*”How to use technology to enable decentralization while building trust and cohesion at the same time?” Can the science of command — technology and process — enable the art of command?

*”We’ve power-pointed over the problem” of the Army division and corps headquarters echelons of commands and what their roles should be. The Army is more than just a collection of brigades.

*”We need to think about blurring the distinctions between the Operating Force and the Generating Force” — it’s now gotten harmful. Gotta break down the cultural barriers between the deployed and deploying forces and the institutional Army that prepares and educates the force for the future

*”This is when we do our Interpretive Dance of Army organizational structures.” (Cue: Show Powerpoint Spaghetti Chart) How is the Army’s Force Management model — “ARFORGEN” — impacting Leader Development?

*”What has an overriding focus on Brigade Combat Teams (BCTs) done to the Army’s operational and strategic leadership skills?” What are the second and third order effects of “modularity” — centering so much of the Army organization around the BCT?

*Allies: Lots of concern as well as admiration. “Is the U.S. Army of the future going to be designed and built to work with allies?” “Design us in!” “The U.S. Army goes down an amazing variety of multiple rabbit holes — we just want to see where you come up!”

*”How are we defining — and teaching — Risk?” How to inculcate a culture of initiative and risk-taking — not risk aversion? What is the message to young leaders of the recent investigations into tough combat actions?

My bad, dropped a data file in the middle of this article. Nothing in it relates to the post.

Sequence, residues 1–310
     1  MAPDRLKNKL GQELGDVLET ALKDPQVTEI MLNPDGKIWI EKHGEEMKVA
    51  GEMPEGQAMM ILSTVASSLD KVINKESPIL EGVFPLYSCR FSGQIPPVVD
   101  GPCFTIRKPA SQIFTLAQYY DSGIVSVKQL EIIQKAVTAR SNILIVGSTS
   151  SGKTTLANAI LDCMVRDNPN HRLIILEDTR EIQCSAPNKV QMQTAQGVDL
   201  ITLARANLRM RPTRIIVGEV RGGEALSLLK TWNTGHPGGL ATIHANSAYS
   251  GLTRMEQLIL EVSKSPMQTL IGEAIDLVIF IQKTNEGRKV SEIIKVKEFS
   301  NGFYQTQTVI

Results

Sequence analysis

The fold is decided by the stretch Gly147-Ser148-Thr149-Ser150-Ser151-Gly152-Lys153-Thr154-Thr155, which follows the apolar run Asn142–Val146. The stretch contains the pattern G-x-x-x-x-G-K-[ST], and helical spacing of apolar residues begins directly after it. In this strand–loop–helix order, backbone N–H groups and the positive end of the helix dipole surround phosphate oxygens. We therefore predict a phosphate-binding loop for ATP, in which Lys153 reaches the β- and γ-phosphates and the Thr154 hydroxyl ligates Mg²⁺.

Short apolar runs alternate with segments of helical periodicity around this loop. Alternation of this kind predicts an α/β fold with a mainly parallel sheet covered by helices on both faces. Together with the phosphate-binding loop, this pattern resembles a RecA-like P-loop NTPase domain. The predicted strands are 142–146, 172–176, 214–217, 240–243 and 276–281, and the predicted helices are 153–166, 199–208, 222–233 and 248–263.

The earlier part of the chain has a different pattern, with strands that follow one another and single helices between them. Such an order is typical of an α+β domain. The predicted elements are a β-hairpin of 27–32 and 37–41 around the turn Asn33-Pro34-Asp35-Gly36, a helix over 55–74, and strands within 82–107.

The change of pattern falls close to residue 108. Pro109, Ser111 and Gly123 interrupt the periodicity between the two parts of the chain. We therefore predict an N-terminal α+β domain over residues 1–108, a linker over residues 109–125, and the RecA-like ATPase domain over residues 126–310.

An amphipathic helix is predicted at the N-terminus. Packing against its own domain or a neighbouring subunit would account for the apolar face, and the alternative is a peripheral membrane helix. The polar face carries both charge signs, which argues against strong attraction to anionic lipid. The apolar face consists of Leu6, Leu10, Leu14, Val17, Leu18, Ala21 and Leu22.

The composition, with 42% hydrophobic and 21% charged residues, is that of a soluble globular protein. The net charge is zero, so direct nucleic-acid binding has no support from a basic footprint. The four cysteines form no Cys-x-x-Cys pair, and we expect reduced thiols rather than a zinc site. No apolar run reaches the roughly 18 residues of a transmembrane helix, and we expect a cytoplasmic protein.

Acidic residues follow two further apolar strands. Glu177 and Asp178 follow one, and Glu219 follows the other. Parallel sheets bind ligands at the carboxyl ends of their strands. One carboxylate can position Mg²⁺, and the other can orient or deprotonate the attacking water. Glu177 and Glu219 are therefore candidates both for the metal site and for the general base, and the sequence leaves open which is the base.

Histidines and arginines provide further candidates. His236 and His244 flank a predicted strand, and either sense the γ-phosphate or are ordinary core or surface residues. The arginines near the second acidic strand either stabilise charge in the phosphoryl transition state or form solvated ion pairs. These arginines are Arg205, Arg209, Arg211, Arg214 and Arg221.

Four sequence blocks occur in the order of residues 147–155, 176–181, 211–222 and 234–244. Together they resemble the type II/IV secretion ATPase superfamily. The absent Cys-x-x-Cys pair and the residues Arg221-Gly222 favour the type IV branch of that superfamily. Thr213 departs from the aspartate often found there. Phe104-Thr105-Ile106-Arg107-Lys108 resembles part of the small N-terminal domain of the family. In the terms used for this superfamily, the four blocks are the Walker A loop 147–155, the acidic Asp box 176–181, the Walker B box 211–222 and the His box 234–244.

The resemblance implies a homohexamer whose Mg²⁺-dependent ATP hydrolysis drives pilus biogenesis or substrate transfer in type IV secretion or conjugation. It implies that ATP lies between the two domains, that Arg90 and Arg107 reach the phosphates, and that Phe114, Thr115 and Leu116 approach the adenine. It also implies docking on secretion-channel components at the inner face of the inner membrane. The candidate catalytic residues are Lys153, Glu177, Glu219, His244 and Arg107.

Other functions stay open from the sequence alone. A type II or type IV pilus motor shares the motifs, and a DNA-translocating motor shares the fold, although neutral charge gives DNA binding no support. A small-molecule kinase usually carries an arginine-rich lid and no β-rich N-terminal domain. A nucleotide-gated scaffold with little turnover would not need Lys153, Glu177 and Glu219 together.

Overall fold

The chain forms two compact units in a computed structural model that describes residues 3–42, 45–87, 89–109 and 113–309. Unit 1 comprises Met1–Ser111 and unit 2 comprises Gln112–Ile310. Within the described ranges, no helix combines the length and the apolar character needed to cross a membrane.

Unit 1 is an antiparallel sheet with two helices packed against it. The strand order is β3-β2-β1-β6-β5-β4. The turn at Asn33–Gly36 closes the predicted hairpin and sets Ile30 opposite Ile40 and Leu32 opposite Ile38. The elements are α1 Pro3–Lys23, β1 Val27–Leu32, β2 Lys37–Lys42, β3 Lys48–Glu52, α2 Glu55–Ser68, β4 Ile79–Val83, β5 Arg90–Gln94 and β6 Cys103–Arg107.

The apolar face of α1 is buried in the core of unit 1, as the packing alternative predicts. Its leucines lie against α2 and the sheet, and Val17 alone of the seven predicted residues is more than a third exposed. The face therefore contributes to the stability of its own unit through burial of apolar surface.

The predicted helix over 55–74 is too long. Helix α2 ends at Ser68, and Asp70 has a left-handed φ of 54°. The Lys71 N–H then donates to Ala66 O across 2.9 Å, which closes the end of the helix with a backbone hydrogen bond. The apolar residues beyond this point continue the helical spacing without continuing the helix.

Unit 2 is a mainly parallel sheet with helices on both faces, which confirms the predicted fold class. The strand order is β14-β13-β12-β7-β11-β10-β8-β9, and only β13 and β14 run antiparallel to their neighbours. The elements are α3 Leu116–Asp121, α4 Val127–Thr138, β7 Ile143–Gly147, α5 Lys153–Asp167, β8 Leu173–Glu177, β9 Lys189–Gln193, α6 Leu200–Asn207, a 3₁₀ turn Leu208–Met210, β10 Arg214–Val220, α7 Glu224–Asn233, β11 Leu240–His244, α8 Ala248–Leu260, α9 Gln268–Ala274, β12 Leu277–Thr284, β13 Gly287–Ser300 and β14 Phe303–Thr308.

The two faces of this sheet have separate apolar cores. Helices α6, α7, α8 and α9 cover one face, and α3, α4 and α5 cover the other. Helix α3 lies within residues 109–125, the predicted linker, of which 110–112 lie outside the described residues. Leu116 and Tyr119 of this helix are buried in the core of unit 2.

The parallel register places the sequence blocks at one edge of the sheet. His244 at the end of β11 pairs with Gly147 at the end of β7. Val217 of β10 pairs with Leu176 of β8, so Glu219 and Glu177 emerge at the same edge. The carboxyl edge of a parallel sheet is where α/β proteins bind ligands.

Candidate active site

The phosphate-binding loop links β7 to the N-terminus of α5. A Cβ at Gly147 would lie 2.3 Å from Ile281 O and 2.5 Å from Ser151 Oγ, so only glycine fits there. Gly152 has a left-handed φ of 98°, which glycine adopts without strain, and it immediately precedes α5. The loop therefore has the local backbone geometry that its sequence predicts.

*”Are we thinking enough about lethality? We’re four days into this and the term has not come up!” How does the Army look at its future role in delivering lethal effects?

*And finally — “What is the proper role of the Army in civil society? What’s the proper role of the Army officer in the republic?” Do we teach the meaning of a commission, explain the constitutional foundations of officership, and establish expectations for an apolitical officer corps? And do we reinforce this understanding throughout an officers’ career?

Most encouraging in the week’s efforts was the obvious commitment of this part of the Army — the TRADOC leadership — to thinking about the big issues facing the Army beyond today’s fights. First and foremost was an understanding of the critical importance of the human dimension in war. Dempsey and McMaster’s red-hot focus on leader development, decentralized mission command, and a clear recognition of the unpredictability of future conflict gave me confidence. Most importantly, they understood that Job One for Army leaders in the coming lean years is: “Don’t Lose this Generation!” Keeping the Army’s uniquely talented young leaders on board is the only reliable insurance policy against an unknown future.

This group — Dempsey and McMaster foremost — “gets it.” The challenge will be whether they can “sell it” to the rest of the Army in the midst of two grinding wars — and who may well not see it the same way quite yet.